When Harold Fry leaves home one morning to post a letter, with his wife hoovering upstairs, he has no idea that he is about to walk from one end of the country to the other.
Today is the day you can get your hands on this book, I reviewed the book back here in January and it has still stayed with me ever since. I have taken some excerpts from my review, but please when you have the time have a read both of my review and the book.
Newly retired, Harold Fry receives a letter one morning from Queenie, a woman he used to work with; she has written to say that she is nearing the end of her life. After much soul searching Harold drafts a reply and goes out after his breakfast to post the letter. However he gets to the first post box and rather than post the letter he keeps on walking onto the next, suddenly he finds himself making an unlikely journey by walking from his home in Devon to Queenie in Berwick on Tweed.
The book follows the journey, as he makes the decision to walk the distance in the hope of proving something to himself, saving someone and ultimately having a purpose in life.
One of the turning points in the story comes when others wish to join such a pilgrimage and it then becomes not about Harold’s journey to reach Queenie but everyone else walking, making a statement, making a journey. It was at this point that I felt the book was painful to read, these parasites on Harold’s journey caused him pain both physically and mentally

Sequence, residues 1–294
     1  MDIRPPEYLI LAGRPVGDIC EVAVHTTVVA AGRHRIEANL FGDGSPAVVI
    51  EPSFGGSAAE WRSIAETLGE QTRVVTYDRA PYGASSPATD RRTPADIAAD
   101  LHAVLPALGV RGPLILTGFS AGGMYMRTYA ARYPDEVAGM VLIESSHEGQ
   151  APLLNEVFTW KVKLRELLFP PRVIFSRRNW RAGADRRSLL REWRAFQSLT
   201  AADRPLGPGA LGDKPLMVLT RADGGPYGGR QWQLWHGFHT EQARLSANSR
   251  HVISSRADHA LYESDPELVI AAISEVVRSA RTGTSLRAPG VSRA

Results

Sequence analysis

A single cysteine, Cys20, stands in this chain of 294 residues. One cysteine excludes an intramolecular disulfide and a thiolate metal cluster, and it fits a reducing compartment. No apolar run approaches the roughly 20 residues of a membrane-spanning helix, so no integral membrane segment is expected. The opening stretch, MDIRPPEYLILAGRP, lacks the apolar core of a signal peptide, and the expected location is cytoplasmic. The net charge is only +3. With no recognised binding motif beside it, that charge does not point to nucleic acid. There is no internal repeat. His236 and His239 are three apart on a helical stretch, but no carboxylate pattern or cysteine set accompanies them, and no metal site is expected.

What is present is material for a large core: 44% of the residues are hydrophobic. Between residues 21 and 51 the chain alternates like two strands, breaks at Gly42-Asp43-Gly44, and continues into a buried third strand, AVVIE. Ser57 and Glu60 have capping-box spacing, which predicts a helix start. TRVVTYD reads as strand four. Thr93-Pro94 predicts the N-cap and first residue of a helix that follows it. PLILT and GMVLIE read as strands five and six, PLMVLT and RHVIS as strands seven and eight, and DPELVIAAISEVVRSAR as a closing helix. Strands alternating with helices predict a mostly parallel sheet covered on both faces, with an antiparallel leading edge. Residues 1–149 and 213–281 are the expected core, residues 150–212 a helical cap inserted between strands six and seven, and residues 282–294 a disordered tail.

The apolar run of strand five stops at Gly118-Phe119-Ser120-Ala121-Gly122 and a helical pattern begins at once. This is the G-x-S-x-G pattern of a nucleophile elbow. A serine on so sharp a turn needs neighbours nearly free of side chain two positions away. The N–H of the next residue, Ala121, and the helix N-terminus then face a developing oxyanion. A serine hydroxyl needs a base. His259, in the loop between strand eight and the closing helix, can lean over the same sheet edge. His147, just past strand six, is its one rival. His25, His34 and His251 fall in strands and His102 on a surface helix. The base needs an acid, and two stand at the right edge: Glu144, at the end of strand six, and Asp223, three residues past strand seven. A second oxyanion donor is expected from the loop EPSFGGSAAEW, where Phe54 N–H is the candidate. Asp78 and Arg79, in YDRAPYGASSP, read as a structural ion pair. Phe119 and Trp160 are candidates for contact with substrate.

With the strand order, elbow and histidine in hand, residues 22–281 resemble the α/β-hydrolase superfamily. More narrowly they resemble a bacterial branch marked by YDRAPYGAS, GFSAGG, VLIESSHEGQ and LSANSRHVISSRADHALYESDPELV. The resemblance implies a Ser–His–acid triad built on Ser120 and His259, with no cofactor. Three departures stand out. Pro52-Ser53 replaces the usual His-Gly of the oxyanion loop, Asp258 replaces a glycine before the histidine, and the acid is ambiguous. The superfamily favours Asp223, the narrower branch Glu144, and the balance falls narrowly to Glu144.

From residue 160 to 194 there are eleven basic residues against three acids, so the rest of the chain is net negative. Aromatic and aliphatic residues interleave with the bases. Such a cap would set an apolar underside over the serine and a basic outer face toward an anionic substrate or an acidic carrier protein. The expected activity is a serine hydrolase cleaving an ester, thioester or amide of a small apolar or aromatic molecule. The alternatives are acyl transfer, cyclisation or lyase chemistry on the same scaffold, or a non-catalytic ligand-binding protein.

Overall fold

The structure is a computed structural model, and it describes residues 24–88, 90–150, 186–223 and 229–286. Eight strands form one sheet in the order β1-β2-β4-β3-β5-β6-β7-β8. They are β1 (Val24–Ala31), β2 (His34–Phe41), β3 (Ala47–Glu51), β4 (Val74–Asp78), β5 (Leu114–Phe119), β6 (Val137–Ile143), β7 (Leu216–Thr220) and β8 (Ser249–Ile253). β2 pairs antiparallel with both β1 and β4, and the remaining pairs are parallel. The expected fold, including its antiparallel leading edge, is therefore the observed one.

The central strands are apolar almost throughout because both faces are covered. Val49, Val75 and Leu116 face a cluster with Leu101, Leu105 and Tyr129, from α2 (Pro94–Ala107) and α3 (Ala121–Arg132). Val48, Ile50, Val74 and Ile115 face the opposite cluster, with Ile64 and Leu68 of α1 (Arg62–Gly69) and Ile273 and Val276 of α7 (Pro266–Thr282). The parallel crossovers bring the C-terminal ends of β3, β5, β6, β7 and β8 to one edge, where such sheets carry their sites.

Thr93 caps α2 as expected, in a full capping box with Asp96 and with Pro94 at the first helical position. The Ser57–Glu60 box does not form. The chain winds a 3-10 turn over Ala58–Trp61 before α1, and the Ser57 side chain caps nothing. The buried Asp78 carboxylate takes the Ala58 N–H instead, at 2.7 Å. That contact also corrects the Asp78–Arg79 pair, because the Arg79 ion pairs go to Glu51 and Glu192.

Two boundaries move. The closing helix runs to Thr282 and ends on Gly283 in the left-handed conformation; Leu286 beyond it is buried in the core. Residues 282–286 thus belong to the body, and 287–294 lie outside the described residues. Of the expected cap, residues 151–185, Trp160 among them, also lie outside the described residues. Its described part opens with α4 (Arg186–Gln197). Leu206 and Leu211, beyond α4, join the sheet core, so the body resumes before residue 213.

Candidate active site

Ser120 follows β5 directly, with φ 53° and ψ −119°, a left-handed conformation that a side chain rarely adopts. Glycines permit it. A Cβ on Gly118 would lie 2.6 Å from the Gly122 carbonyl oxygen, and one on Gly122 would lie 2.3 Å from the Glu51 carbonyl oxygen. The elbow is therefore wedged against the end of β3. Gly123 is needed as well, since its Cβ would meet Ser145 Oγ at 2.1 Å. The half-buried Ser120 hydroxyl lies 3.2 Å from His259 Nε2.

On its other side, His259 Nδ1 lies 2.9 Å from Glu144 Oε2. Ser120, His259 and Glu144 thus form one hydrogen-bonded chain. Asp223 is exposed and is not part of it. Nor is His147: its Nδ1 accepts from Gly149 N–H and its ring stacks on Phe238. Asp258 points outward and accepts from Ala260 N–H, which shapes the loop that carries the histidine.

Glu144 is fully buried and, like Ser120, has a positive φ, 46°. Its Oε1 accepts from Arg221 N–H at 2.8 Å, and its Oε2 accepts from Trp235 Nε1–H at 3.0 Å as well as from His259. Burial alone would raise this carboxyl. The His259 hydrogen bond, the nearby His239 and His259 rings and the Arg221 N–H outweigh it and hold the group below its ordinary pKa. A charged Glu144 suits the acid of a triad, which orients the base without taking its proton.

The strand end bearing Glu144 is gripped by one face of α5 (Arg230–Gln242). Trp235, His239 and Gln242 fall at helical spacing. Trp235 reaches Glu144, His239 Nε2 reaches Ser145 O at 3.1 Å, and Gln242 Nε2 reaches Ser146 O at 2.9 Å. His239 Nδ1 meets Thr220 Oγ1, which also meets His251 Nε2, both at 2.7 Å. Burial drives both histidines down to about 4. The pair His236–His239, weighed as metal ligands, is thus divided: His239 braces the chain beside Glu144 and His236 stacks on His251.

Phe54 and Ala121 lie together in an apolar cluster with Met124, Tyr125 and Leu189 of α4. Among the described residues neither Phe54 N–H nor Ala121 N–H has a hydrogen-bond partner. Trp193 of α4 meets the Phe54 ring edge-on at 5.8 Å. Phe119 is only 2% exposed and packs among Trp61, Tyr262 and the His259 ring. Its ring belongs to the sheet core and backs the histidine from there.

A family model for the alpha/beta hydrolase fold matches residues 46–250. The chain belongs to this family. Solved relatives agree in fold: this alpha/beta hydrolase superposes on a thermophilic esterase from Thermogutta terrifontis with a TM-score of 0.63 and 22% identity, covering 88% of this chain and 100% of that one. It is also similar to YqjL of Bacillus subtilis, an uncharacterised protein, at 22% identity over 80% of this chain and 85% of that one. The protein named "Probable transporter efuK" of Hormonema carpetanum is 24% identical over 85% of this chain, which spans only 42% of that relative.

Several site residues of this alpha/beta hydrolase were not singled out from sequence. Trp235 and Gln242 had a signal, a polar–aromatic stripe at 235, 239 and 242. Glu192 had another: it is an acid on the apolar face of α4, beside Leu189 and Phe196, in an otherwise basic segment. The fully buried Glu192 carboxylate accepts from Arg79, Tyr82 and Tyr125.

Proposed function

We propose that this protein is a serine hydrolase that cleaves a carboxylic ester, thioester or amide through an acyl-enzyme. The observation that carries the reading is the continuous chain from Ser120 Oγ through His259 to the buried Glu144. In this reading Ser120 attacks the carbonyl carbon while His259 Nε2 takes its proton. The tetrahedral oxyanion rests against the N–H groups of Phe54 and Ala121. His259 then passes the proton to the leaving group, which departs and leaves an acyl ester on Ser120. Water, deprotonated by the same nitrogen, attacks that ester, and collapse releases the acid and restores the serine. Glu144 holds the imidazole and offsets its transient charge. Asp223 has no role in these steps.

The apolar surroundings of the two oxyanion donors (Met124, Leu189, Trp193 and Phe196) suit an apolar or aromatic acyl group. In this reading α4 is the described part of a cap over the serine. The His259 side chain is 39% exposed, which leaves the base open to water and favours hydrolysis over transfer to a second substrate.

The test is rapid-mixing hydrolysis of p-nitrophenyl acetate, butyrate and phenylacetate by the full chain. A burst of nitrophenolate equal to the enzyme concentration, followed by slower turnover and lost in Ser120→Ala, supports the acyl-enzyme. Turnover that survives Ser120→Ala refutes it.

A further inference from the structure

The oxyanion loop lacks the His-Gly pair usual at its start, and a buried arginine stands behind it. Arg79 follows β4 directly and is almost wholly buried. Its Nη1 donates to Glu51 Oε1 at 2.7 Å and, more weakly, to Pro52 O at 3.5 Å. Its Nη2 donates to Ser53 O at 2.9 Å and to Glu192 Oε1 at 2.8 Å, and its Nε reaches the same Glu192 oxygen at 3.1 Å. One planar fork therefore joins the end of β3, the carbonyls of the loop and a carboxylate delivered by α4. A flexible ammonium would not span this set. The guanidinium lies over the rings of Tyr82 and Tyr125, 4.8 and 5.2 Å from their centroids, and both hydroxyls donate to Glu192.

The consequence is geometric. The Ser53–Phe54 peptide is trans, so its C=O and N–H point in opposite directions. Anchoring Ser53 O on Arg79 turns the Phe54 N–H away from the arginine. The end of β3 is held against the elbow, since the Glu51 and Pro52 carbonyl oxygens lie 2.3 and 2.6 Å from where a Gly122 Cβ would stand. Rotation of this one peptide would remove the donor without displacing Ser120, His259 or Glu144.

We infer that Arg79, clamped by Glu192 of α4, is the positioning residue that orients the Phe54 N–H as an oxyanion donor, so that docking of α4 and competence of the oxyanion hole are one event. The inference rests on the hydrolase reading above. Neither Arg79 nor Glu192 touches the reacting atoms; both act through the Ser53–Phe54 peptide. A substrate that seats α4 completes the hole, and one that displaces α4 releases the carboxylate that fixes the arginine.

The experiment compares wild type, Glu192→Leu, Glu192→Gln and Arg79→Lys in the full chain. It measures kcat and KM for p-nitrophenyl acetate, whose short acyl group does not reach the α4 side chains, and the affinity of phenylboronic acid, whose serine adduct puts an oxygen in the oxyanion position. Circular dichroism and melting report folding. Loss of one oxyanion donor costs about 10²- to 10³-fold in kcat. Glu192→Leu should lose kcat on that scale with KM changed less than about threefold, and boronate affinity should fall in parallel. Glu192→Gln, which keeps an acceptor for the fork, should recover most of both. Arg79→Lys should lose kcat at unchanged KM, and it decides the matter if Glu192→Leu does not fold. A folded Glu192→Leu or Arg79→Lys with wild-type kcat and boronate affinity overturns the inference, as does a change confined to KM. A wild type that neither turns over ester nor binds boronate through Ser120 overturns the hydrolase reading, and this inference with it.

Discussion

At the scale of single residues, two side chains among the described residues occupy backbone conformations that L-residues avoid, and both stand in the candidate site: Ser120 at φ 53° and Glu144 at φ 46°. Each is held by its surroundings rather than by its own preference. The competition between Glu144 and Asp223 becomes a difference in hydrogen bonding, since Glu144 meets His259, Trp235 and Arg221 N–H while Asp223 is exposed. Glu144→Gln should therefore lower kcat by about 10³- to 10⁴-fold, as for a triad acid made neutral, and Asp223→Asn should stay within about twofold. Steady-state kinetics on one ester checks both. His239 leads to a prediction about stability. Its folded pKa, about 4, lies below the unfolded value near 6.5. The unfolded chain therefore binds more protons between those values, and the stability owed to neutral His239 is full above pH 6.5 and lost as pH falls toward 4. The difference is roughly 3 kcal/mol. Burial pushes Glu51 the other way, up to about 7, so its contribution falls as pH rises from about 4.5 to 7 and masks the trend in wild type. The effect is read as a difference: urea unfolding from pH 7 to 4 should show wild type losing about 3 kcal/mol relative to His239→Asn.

My personal reflection and comments:
… debut novel this is very good, it is a book which I do not think I would have picked up but the cover and the title struck a chord with me. I think everyone is on a journey of sorts and perhaps they do not recognise or acknowledge it and for that I felt connected somehow to this book.
I became infuriated with those that stuck to Harold for their own glory and it was a reflection of how the media can latch onto a story and miss the whole point of it
This book has also been picked as one of the Waterstones 11; the pick of the best debut novels in 2012. Although I was quite secretly pleased to have read this one long before they chose it.
In todays world of Social Media this book has its own Facebook page and has been trending on Twitter #haroldfry and @Harold_fry. Jim Broadbent (who would make an excellent Harold) voices the video trailer.
You could think it is overkill perhaps but actually it is just a great way of generating interest in a book. Just like me in the blogging world I hope I have generated some interest and I look forward to hearing what others have to say about the book.